The objective of the Advanced Exploration Systems (AES) Logistics Reduction (LR) project's Universal Waste Management System (UWMS) task is to develop a compact toilet system that can be used across multiple future crewed vehicles and habitats. The UWMS effort will result in a toilet with reduced mass and volume that provides increased crew comfort and performance. A key feature of the UWMS is the urine pretreatment dose pump/pretreatment quality indication device which enables water recovery from urine. The UWMS core hardware is primarily funded by the AES LR project, with cost sharing from the Orion (MultiPurpose Crew Vehicle (MPCV)) Program for a second flight unit, and the ISS Program for ISS-unique hardware and integration hardware for flying the first UWMS unit on ISS.
Procurement of the UWMS started late in 2015. UWMS Integration and ISS planning began in 2015 and continued through 2022 in collaboration with the ISS Payloads Office and the Orion Program.
The UWMS will first serve as an ISS technology demonstration (TD) payload. After the initial AES TD period, the UWMS will remain on ISS for an extended demonstration until the end of ISS life. The extended demonstration supports increased ISS crew size once US commercial crew vehicles are operational.
The ISS UWMS demonstration will validate the hygienic collection of urine and feces. Effective collection is critical to maintain crew health and hygiene for long-duration habitats. Additionally, the ISS TD will demonstrate the ability to pretreat urine and deliver it to the ISS urine processor. The pretreat pump and pretreat quality sensor are important components of a future long-term space habitat water recovery system. A second UWMS unit was developed to fly on the MPCV Artemis-2 mission.
The project to develop and build two UWMS units is nearing completion. In FY20, the UWMS Unit 1 (ISS) was delivered to NASA-JSC and launched on NG-14 for installation in ISS Node 3. Installation and checkout have been completed and the team is working technical challenges found during the checkout. Upon resolution of the technical issues, the unit will then complete the on-orbit technology demonstration to simulate use on Orion’s Artemis missions followed by long duration on-orbit operational testing on ISS. The completion of these on-orbit performance milestones will represent the final stage of the UWMS baseline contract. A single filled fecal canister was returned and evaluated on the ground. This yielded valuable information on crewmember use and provides insight needed for Orion manifesting of these canisters and the products needed for cleanup. Additional filled fecal canisters will be returned from ISS for evaluation of compaction efficiency and consumables use to inform future exploration missions. The AES TD then transitions to the three-year ISS demonstration.
In December 2019, the UWMS Unit 2 (Orion) was delivered to KSC and was installed into the Artemis-2 vehicle in March, 2021. Launch schedule for Artemis-2 is currently in 2024.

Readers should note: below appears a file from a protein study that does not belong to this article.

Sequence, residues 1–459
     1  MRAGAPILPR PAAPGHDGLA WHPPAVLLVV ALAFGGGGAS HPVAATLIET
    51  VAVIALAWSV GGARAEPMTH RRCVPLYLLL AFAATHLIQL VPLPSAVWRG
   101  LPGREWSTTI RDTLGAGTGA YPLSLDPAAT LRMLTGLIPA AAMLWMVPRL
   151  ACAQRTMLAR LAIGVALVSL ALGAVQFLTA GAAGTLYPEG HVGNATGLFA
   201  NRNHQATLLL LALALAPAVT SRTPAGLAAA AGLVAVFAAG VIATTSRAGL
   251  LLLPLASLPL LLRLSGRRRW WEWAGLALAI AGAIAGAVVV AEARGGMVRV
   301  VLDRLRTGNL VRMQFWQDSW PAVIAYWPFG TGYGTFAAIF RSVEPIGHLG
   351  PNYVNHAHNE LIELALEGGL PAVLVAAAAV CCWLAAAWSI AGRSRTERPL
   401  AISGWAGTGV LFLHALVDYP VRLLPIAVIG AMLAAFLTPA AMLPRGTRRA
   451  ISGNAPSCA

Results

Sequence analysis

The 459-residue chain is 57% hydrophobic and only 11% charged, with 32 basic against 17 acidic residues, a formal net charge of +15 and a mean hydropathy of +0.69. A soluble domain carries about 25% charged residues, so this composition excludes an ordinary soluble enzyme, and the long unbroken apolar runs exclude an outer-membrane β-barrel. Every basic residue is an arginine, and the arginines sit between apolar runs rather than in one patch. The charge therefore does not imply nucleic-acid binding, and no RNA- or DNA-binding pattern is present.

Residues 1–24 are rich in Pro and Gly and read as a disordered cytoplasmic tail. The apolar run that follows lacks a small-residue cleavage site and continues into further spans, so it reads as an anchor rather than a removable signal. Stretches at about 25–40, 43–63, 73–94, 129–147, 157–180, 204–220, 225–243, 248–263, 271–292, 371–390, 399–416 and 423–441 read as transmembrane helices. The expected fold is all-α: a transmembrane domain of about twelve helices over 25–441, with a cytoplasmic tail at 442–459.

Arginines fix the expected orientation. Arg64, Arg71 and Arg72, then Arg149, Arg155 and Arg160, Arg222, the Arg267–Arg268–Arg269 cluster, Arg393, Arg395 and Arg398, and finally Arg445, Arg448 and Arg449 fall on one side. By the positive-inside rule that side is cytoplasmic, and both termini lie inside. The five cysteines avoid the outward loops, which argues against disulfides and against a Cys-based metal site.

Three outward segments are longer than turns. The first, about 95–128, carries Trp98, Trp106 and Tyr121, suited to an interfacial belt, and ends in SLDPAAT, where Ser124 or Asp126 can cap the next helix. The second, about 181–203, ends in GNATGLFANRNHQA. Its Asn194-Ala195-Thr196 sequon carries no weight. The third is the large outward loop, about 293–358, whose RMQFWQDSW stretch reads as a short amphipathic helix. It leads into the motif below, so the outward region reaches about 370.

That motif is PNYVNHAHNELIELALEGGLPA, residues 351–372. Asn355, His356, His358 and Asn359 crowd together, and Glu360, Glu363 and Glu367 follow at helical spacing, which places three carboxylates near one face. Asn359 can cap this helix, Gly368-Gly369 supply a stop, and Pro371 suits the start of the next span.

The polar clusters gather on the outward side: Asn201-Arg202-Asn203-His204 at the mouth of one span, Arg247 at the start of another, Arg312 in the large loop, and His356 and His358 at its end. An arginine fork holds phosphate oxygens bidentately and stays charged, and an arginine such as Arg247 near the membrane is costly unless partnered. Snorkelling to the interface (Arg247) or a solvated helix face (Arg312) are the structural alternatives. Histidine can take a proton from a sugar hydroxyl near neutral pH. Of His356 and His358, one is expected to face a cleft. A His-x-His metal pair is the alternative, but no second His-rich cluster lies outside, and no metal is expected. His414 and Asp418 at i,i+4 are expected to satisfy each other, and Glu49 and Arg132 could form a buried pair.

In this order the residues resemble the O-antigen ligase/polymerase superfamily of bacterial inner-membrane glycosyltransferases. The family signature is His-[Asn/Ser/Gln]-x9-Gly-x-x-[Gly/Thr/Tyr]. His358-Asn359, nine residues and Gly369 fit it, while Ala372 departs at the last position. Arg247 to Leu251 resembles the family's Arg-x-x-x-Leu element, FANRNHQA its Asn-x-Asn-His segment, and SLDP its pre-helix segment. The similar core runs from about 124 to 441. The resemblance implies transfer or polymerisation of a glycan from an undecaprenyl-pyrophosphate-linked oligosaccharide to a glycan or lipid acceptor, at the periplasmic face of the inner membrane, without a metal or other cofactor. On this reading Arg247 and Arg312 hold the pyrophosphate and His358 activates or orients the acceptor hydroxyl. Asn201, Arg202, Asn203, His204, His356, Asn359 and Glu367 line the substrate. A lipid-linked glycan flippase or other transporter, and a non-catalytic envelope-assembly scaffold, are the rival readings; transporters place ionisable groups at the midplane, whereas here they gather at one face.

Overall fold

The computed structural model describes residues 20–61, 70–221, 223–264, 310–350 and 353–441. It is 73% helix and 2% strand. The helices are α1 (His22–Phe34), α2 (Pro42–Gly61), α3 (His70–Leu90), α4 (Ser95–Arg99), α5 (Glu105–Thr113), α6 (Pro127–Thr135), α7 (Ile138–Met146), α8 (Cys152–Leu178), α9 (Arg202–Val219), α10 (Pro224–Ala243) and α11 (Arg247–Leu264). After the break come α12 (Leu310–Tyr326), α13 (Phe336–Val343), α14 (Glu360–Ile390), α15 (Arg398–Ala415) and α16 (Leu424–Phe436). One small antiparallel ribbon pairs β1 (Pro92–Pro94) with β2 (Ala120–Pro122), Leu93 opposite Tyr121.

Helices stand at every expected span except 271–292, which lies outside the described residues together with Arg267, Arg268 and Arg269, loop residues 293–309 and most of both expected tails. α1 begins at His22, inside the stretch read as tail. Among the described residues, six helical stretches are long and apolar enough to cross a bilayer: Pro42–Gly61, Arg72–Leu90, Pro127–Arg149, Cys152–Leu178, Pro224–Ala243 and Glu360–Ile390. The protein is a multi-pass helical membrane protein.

The waste management team collaborates with the SBIR program on new technologies related to fecal stabilization and resource recovery, including torrefaction, membrane drying, and ultrasonic drying of feces. Additionally, the UWMS team collaborates with the MPCV's Launch, Entry, and Abort (LEA) space suit team for contingency urine and fecal waste collection systems. The LEA suit waste collection system is used if the MPCV loses cabin pressure, but it may be possible to use the LEA contingency system to provide a backup for waste collection if the UWMS became inoperable.More »
The toilet system has a lower mass and volume than prior systems, is simpler to use, provides increased crew comfort and performance, and treats urine so that it can be safety processed by the spacecraft recycling systems. Future exploration vehicles being developed by NASA will have smaller habitable volumes than the ISS. As habitable volumes decrease, so should toilet hardware so that crew comfort can be preserved. Having a universal, or standardized toilet design that can be adapted for multiple vehicles reduces overall costs. UWMS consumables and replacement hardware could also be used by multiple vehicles, reducing overall integrated mission logistics complexity. The UWMS effort could eventually lead to development of low mass/volume fecal canisters, increasing packaging and stowage efficiency, which significantly reduces logistics for exploration metabolic waste collection. The fecal canisters could be designed to enable water recovery from feces, which further reduces logistical mass and volume.
The UWMS could be utilized on short- and long-duration NASA missions to provide a compact toilet and urine pretreatment dose pump/pretreatment quality indication device to enable water recovery.More »
|Organizations Performing Work||Role||Type||Location|
|Johnson Space Center (JSC)||Lead Organization||NASA Center||Houston, Texas|
|Ames Research Center (ARC)||Supporting Organization||NASA Center||Moffett Field, California|
|Marshall Space Flight Center (MSFC)||Supporting Organization||NASA Center||Huntsville, Alabama|
|NASA Headquarters (HQ)||Supporting Organization||NASA Center||Washington, District of Columbia|
|White Sands Test Facility (WSTF)||Supporting Organization||NASA Facility||Las Cruces, New Mexico|
|Advanced Fuel Research, Inc.||Industry||East Hartford, Connecticut|
|Hamilton Sundstrand Space Systems International Inc||Industry|